Believe it or not, I’d never flown Alaska Airlines before. Blame it on Alaska’s historically limited network out of Dallas. With no connection to the Pacific Northwest, I simply didn’t have any opportunity to try them. However, thanks to my quest to try The Reggie, I needed to get to Alaska-stronghold Portland. With Alaska’s recently launched new service from Love Field, this seemed like the perfect opportunity to hop on board. Alaska’s service to Portland utilizes SkyWest E-175s, an airplane I also really wanted to try in long-haul coach. And so it was that I got to sample Alaska Airlines E-175 Main Cabin for the first time. As mentioned in the intro post, I paid $134 cash for the entire run from Dallas-Portland-Los Angeles.
Alaska Airlines (AS) Flight 3307
- Friday, September 8, 2017
- Operated by SkyWest
- Depart: Dallas Love Field (DAL), Gate 11, 10:48, 13m late
- Arrive: Portland International Airport (PDX), Concourse E, 12:39, 3m early
- Duration: 3 hours 48 minutes
- Equipment: Embraer 175
- Seat: 9D
Check-In and Boarding
I checked in online the night before, and arrived at the airport about 90 minutes before departure via the DART light rail. (As an aside, taking mass transit to Love Field is a PITA. With no direct rail connection, it requires a shuttle bus to the nearest station. And hopefully the bus times the train well, as it only runs every 20 minutes.) I missed the morning rush, and enjoyed a practically empty Pre-Check line. I did manage a photo of our pretty new plane as we waited for boarding. The Eskimo tail is distinctive, I must say.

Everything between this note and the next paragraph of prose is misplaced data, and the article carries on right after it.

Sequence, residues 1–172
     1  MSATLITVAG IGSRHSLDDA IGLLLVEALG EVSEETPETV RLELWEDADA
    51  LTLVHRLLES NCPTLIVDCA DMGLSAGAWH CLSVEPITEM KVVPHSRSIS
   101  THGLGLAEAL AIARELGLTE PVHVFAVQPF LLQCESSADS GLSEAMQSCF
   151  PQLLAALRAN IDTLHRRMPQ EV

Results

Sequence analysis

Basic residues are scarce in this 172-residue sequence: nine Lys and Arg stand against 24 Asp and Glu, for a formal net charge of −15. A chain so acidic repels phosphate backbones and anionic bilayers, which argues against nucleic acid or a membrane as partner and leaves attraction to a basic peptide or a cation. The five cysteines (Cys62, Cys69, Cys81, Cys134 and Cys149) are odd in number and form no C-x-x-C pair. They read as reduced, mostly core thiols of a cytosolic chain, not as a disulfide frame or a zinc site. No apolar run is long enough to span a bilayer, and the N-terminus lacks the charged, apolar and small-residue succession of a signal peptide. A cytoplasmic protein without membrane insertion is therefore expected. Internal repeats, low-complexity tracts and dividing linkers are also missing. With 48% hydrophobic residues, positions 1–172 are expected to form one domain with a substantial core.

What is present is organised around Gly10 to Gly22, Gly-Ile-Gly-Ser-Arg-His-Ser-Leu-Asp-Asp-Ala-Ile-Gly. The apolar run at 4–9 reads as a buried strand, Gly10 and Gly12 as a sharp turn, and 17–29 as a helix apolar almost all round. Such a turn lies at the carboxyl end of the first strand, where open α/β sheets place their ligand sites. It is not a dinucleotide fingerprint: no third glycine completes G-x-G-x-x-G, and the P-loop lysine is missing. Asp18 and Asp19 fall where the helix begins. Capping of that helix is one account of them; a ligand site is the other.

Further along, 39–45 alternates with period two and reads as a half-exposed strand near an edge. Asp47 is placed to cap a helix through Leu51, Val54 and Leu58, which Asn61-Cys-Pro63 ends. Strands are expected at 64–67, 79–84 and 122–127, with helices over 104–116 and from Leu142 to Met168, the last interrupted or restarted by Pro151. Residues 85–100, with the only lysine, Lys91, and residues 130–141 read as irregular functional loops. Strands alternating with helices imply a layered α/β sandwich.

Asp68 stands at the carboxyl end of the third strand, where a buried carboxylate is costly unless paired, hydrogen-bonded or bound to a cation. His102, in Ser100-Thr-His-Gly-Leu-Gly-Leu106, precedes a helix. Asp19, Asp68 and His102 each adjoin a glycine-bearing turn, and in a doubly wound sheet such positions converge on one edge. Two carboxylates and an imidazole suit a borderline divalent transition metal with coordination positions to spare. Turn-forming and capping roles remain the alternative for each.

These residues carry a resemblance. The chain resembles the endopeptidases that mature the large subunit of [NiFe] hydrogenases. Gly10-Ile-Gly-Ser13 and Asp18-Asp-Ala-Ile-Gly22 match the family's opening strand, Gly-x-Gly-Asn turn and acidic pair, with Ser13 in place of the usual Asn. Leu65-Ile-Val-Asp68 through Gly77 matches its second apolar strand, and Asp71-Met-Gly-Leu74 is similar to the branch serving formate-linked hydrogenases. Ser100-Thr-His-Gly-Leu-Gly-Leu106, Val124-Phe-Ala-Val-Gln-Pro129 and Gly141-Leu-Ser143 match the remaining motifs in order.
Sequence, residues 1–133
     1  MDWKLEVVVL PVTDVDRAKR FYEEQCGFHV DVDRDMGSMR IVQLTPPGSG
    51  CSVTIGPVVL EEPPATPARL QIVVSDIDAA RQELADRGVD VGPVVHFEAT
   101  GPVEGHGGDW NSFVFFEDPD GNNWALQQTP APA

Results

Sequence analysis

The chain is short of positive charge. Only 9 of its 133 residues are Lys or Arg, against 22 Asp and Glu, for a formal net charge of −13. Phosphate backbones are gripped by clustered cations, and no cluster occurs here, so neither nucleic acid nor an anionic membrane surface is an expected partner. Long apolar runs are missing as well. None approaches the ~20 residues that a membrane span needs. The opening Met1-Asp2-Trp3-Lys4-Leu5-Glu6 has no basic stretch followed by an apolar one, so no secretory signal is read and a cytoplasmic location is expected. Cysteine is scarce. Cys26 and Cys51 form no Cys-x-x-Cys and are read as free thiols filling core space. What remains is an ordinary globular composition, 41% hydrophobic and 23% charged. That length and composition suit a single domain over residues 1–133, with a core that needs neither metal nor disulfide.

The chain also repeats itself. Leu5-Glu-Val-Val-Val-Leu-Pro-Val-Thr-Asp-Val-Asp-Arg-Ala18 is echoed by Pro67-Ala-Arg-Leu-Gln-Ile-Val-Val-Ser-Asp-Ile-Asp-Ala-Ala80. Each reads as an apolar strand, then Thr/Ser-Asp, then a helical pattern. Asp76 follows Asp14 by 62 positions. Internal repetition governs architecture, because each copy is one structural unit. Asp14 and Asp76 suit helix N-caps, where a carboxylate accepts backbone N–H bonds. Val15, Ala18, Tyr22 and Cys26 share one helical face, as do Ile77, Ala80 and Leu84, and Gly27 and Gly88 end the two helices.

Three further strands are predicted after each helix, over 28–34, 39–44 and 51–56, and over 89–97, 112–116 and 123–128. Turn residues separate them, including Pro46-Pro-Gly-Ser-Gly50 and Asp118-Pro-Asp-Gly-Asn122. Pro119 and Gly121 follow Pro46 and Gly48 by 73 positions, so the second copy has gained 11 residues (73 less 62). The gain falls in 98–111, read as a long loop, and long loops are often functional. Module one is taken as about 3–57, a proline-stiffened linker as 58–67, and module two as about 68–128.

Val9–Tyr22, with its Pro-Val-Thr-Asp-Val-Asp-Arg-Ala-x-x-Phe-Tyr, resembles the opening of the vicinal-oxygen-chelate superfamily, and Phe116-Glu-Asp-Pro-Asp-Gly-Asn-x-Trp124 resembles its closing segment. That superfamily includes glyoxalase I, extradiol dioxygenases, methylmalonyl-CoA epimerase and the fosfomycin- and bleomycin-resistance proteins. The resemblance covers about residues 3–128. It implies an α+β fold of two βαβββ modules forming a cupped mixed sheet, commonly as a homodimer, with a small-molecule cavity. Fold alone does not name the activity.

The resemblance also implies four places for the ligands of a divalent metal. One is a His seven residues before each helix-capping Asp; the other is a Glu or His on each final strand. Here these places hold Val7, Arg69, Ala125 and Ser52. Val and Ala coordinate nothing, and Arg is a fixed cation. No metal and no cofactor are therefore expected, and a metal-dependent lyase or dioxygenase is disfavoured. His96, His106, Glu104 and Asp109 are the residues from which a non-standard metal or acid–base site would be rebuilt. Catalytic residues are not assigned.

Though the gate agent announced a possible delay due to late arriving crew, boarding began more or less on time. With only 76 passengers, I expected a quick boarding process. However, it proceeded rather slowly, and we pushed back just a little late. Also as an aside, while the renovated Love Field terminal is nice, the lack of lounges is a bummer. Especially when your flight gets delayed. On the other hand, guess you could just hang out at the CRU Wine Bar to pass the time…
Alaska E-175 Main Cabin – Seating and Interior
Alaska configures its E-175s identically to Delta. That means 12 First Class, 12 Premium Class, and 52 Main Cabin seats. First features a 1-2 configuration, with Premium Class and Main Cabin in a 2-2 configuration. No middle seats in the back of the bus is a major win in my book.